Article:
Also On: PS Vita
Publisher: D3 Publisher
Developer: VBlank Entertainment
As a guy who spent his childhood plopped firmly in front of a TV connected to a NES, SNES, Genesis or other 8 to 16-bit device, I’ve found Retro City Rampage to be on absolute joy to play through on both PS Vita and PS3. The game is chockfull of great humor, references to classic games like Duck Hunt, Metal Gear, Bionic Commando, Mega Man 2 and more, and even includes a number of 80’s pop culture throwbacks culled from popular films like Back to the Future and even Bill and Ted’s Excellent Adventure. Seriously, as a kid of the 80’s, there’s a whole lot to love when it comes to Retro City Rampage, and if you’re approaching, or have passed the big 3-0, you’ll probably get a similar feeling from this well-crafted throwback.
Retro City Rampage adopts the 8-bit style of classic NES games and marries that with the core gameplay of a modern day Grand Theft Auto. You take on the role of a nameless henchman known throughout the game simply as “Player”. Player stumbles across a time machine, steals it, and causes it to breakdown on his joyride, which sort of strands him in the year 20XX. From here he needs to find the necessary components to fix the machine, and with the help of a certain Doc Choc, goes on a series of missions and side quests spread throughout a fairly large, 2D, top down city.
As mentioned above, the game evokes a big Grand Theft Auto vibe. To get around town you can carjack vehicles, and then use those vehicles to get to your destination in a variety of destructive ways. There’s a variety of vehicle types to steal, including simple bicycles and a big van pulled straight out of the A-Team. Cause enough mayhem and the police will come running, complete with a wanted meter that escalates based on how much violence and mayhem you’re causing.
The game never gets to be as graphic in its violence as Grand Theft Auto, after all, it’s firmly rooted in the 2D space with a very limited color palette meant to represent the 8-bit era. It’s also over self-aware, with plenty of tongue in cheek moments meant to lampoon not only the references to classic games it likes to reference, but also the gameplay elements that tend to make up a standard open world game like Grand Theft Auto. For instance, one mission has you tailing a vehicle, wherein you need to get close enough to keep the vehicle in your sights, but not so close as to attract attention to yourself. When this mission is presented, the Player essentially groans, states that this mission is boring, and that you might as walk to follow the car instead of drive since it moves so damn slow. For an added bonus, you not only need to follow the car around for this mission on foot, but also must occasionally stop at a coffee shop to keep the Player from falling asleep.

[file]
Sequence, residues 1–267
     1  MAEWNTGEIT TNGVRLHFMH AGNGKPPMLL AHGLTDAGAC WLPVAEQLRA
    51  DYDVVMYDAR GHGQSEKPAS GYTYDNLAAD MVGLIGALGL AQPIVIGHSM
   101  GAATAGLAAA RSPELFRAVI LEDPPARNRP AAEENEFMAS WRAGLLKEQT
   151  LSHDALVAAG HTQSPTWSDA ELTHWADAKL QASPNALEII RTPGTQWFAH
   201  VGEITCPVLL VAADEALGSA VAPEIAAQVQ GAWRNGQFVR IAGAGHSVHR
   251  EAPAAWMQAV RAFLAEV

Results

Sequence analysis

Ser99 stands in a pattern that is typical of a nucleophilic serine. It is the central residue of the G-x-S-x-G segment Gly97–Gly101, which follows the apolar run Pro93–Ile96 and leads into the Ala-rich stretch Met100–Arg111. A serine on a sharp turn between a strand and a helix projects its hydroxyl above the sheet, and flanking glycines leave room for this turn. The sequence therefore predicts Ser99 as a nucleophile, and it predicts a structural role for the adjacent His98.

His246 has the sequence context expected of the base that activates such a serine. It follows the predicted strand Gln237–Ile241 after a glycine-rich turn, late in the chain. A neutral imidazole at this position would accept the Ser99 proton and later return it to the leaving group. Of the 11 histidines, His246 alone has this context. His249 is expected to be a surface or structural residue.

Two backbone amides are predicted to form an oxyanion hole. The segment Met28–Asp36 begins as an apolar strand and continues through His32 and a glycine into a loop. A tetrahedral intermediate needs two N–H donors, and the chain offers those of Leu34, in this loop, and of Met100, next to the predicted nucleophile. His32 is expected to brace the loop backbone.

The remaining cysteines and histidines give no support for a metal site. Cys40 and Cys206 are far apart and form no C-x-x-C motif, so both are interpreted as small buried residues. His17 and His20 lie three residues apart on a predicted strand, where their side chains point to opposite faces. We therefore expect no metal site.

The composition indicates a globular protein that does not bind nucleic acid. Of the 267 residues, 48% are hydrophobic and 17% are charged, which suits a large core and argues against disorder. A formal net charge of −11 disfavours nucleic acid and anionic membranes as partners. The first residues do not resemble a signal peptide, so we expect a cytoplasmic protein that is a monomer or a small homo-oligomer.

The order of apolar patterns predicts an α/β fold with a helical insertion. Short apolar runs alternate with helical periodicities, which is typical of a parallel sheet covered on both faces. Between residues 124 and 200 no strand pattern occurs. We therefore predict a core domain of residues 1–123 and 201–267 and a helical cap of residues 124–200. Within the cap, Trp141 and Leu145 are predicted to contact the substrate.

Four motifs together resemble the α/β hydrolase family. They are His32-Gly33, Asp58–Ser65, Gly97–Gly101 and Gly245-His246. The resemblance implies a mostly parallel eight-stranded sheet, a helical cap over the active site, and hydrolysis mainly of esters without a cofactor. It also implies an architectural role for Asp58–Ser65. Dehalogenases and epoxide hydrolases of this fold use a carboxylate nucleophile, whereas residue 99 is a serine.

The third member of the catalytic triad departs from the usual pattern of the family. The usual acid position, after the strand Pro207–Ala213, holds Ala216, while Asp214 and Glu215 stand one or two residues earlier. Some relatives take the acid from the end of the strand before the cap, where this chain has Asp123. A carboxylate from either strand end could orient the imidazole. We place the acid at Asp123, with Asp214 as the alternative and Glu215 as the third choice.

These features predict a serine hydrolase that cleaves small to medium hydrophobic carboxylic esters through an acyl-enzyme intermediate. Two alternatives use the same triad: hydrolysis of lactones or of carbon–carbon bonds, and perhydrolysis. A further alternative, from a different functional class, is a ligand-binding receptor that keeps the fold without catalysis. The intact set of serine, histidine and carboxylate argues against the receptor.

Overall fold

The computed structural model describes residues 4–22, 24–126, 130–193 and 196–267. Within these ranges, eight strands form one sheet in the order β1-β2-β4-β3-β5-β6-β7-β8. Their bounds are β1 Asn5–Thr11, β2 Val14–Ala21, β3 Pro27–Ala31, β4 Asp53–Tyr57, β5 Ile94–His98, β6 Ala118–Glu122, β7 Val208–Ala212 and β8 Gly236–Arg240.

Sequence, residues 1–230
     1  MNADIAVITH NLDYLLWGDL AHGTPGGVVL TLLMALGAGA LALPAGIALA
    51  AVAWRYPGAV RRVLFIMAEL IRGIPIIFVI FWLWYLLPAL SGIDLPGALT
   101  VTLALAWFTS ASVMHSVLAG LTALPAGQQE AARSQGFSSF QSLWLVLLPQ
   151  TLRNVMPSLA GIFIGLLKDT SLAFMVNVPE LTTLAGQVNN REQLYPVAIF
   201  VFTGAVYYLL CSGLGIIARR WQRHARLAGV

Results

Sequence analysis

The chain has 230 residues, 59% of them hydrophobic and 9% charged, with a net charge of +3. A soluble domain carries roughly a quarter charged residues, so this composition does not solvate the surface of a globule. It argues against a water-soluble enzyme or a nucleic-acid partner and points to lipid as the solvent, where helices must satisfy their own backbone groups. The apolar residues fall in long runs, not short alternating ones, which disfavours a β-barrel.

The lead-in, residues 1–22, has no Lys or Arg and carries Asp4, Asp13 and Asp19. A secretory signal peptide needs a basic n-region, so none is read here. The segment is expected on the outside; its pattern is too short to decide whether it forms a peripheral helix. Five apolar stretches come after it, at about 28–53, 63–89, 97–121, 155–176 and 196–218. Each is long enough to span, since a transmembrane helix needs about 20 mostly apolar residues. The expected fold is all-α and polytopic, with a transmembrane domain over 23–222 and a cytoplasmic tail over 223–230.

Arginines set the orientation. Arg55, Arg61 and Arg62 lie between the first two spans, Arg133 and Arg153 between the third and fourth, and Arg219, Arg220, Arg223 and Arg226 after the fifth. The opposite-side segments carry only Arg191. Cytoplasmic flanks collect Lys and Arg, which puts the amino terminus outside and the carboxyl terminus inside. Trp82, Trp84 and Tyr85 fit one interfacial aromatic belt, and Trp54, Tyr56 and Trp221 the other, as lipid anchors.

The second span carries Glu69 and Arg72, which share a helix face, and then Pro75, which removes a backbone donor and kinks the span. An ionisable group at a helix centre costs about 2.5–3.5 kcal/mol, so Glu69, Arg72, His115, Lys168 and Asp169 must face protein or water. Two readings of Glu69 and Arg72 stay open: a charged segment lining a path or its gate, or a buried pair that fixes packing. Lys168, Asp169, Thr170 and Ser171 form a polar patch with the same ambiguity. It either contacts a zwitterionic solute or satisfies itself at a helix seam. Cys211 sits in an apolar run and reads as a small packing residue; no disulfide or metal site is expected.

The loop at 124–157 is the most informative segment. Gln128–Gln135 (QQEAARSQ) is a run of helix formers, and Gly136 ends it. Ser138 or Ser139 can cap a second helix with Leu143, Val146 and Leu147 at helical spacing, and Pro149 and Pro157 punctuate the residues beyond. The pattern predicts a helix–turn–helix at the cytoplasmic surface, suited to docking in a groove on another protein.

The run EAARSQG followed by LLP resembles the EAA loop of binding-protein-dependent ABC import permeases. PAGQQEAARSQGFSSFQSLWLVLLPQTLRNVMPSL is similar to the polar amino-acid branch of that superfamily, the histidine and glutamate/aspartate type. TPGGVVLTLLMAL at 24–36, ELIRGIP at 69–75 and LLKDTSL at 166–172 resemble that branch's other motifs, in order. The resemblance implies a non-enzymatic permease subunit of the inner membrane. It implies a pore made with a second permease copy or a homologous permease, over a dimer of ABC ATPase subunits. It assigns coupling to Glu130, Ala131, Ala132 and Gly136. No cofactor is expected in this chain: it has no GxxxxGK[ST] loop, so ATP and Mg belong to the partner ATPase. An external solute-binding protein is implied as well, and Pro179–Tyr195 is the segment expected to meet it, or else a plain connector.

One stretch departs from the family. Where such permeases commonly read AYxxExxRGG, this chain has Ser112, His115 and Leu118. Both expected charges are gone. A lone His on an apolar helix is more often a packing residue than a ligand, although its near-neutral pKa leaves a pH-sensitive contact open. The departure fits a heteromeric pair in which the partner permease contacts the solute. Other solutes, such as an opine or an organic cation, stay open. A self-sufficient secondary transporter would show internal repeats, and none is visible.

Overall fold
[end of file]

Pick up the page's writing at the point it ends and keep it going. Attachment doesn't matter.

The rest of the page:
And besides the quality humor and retro references that Retro City Rampage is rife with, what also helps to make this work is the fact that the mission style is pretty varied. Instead of just being a series of fetch quests or shootouts, the level design for each mission manages to feel unique and acts as a standout, memorable experience from one mission marker to the next. It certainly helps if you’re familiar with the classic games that Retro City Rampage is constantly lampooning, in fact I’d expect that this game would probably be remarkably different for folks who didn’t grow up in the 8-bit or 16-bit eras, but even without that influence cueing you into the in-jokes scattered throughout I think you can still find the game very enjoyable to play.
I played through the game on both PS3 and Vita, and couldn’t find a single difference worth delving into. Both games play admirably, and come with a full host of various visual skins that represent everything from a standard NES color palette to the green hue of a classic Gameboy. The attention to detail given here is admirable, and pretty unexpected, making Retro City Rampage a real treat for retro fans. If you have access to either platform, you’d do well to check out this downloadable title, it’s certainly worth the purchase.
PlayStation Network Card - $10